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i suggest asking frank directly--he ships overseas all the time from canada.

 

It was suggested by my insurance company to not insure for shipping. They cover my instruments for replacement value, and said if ever lost or damaged while being transported for repair they would cover the loss. I have never asked a bout if "sold" but if possession is still by the seller, and the seller has an instrument policy it may still be considered their belonging until "transfer' is complete. The rate for an annual premium on several handmade instruments is on 285 dollars annually.

 

i think that's a little dicey, though it would not hurt to have both parties contact their insurance companies if they have them.

 

who does your coverage? i am in the states and i have clarion. i got $14k worth of instruments for $160/year premium.

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Ah!, another blow struck against the scourge of globalisation and the global market. Think global and shop local etc.!! Who would have thought UPS & Fedex would lead the charge!! Seriously though, this doesn't really add up - there are all sorts of companies shipping and moving goods around, worth well in excess of these figures. Or do these limits just apply to the ordinary public sending items that are easily damaged like musical instruments?

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Ah!, another blow struck against the scourge of globalisation and the global market. Think global and shop local etc.!! Who would have thought UPS & Fedex would lead the charge!! Seriously though, this doesn't really add up - there are all sorts of companies shipping and moving goods around, worth well in excess of these figures. Or do these limits just apply to the ordinary public sending items that are easily damaged like musical instruments?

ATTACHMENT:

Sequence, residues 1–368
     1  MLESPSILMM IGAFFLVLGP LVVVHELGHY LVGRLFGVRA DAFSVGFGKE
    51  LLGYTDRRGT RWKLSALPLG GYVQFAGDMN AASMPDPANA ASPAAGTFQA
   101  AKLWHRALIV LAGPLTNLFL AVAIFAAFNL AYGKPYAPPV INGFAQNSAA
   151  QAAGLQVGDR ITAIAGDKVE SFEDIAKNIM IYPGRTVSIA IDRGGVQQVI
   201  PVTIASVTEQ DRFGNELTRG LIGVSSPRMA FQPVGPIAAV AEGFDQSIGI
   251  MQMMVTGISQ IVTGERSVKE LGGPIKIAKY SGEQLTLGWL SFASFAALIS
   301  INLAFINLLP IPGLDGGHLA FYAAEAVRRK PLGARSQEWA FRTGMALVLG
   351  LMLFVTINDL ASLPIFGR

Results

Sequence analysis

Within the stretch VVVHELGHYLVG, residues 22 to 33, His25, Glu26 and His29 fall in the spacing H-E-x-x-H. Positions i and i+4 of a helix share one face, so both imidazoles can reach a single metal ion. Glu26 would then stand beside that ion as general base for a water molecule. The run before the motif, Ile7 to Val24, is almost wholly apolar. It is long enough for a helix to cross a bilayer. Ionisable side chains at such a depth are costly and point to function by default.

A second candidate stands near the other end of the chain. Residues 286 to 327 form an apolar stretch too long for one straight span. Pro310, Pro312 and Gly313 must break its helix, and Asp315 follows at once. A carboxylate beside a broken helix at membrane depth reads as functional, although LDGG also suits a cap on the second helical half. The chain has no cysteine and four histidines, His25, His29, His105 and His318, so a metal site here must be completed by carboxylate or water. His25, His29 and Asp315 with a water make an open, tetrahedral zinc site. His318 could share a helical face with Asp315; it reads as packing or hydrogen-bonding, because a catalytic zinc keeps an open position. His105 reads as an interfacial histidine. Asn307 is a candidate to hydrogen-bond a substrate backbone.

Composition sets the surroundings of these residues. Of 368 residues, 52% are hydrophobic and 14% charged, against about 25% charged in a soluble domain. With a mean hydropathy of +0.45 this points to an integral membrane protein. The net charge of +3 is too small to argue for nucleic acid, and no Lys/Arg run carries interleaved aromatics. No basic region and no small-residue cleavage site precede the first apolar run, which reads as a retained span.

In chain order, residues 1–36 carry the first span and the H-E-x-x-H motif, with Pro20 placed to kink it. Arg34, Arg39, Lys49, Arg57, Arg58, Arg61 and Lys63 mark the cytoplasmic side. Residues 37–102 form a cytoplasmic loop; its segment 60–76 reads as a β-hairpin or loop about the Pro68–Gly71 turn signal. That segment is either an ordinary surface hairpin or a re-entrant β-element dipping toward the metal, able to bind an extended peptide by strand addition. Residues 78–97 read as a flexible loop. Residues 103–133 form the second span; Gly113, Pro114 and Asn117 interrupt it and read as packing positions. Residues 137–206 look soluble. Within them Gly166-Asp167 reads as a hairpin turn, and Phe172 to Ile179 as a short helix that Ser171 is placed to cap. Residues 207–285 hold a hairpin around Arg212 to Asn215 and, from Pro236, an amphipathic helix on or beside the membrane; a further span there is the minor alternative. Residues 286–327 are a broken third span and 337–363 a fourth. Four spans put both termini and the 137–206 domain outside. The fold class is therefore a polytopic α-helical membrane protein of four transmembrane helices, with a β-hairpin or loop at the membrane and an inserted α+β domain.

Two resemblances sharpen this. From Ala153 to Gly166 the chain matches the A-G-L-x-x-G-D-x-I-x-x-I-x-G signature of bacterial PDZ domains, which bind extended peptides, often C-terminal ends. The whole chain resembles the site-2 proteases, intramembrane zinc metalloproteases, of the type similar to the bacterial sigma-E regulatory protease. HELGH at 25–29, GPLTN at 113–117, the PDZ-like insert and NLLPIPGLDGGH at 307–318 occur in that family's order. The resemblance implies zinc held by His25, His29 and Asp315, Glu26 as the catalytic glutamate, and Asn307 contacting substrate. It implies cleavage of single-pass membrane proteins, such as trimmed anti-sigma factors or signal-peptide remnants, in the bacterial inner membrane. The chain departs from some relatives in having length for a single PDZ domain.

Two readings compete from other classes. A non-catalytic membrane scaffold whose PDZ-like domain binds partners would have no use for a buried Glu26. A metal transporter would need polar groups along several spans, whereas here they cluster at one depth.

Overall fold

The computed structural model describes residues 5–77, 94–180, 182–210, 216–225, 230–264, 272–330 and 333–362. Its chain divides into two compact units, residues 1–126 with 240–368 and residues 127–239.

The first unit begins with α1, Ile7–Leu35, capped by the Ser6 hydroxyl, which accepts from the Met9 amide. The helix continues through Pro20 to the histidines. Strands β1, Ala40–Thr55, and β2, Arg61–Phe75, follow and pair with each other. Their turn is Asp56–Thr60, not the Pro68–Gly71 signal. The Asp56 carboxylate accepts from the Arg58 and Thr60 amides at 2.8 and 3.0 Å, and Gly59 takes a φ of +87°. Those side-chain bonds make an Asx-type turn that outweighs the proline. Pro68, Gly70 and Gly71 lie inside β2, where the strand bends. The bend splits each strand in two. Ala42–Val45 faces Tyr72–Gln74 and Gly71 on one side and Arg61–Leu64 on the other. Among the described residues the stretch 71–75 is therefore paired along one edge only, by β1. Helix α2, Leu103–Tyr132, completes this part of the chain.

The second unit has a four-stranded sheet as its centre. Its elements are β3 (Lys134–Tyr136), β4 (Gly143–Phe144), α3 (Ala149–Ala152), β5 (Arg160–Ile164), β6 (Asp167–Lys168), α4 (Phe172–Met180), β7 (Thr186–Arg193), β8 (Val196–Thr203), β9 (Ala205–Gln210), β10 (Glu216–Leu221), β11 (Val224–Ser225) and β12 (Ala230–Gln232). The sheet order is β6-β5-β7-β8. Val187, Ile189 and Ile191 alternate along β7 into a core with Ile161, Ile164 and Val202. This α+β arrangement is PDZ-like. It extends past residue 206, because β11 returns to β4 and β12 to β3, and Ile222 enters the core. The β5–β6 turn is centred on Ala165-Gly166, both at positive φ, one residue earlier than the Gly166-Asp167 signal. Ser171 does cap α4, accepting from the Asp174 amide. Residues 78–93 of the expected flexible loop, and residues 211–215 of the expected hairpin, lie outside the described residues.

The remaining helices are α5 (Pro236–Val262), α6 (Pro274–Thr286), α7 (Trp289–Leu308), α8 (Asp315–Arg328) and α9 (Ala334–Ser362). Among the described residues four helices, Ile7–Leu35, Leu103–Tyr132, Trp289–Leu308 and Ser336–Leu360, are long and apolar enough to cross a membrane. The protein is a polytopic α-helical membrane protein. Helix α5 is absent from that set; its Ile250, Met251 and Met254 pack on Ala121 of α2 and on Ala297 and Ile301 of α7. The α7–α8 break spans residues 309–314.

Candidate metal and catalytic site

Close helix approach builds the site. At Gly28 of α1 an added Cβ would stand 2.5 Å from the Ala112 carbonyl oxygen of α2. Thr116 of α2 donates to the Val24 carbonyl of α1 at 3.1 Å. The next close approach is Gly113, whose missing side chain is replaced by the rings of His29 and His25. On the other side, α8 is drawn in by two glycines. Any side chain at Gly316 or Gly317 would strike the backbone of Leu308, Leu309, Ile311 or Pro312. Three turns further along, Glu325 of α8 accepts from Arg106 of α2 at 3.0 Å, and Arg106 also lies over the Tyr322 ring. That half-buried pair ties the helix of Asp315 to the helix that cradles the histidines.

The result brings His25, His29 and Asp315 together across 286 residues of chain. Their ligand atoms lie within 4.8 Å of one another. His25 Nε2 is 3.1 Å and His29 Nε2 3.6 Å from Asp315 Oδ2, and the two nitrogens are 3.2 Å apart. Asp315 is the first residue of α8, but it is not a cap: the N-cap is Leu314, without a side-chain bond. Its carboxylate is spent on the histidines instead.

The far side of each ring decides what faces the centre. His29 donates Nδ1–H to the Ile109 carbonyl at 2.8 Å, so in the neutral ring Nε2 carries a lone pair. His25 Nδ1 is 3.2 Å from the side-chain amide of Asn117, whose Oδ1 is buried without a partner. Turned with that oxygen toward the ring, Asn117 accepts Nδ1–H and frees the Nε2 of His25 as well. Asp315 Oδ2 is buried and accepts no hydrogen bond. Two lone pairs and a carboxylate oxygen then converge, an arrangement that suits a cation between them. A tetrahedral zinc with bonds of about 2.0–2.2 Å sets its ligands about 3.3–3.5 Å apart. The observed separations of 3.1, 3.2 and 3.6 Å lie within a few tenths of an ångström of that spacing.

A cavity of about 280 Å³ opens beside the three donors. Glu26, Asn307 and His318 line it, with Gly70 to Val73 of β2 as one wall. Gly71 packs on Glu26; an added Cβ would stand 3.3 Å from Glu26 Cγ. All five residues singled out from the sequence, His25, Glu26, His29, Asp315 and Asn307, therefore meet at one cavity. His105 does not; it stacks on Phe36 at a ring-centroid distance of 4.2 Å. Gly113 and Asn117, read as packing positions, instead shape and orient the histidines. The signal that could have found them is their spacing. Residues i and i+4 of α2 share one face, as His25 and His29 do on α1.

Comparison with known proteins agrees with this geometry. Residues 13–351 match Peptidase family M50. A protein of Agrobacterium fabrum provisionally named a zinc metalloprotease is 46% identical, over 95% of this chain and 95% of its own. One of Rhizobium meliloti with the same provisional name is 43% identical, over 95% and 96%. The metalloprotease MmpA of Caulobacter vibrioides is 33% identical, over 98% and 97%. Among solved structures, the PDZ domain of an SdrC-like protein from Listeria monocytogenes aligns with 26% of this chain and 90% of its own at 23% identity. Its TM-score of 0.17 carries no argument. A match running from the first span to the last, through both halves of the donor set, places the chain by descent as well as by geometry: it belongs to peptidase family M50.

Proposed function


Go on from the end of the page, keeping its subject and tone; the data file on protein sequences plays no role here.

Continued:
It seems shipping companies are specifically afraid of musical instruments. I guess they had a bunch of problems with them before, and see them as very fragile and darn expensive. When the lady at Purolator told me that it had to be a new instrument in it's original case, I told her "What if I wanted to send a Stradivarius?". Her eyes opened wide with terror and she said "Oh!!! You'd have to get your own private insurance for that!".

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I think that insurance for individuals is more difficult than for companies. I can insure my instruments through UPS because I am a commercial maker sending to a customer. I was once told by UPS that private individuals were limited in what they could get for insurance. $50 is a bit of money for UPS to pack but then if you can get insurance, it may be worth it. Safer than have someone carry it over for you. What if that person accidently left it in the airport etc.? You couldn't expect that they would compensate you for the loss. Perhaps the buyer would help you out with the cost?

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I think that insurance for individuals is more difficult than for companies. I can insure my instruments through UPS because I am a commercial maker sending to a customer. I was once told by UPS that private individuals were limited in what they could get for insurance. $50 is a bit of money for UPS to pack but then if you can get insurance, it may be worth it. Safer than have someone carry it over for you. What if that person accidently left it in the airport etc.? You couldn't expect that they would compensate you for the loss. Perhaps the buyer would help you out with the cost?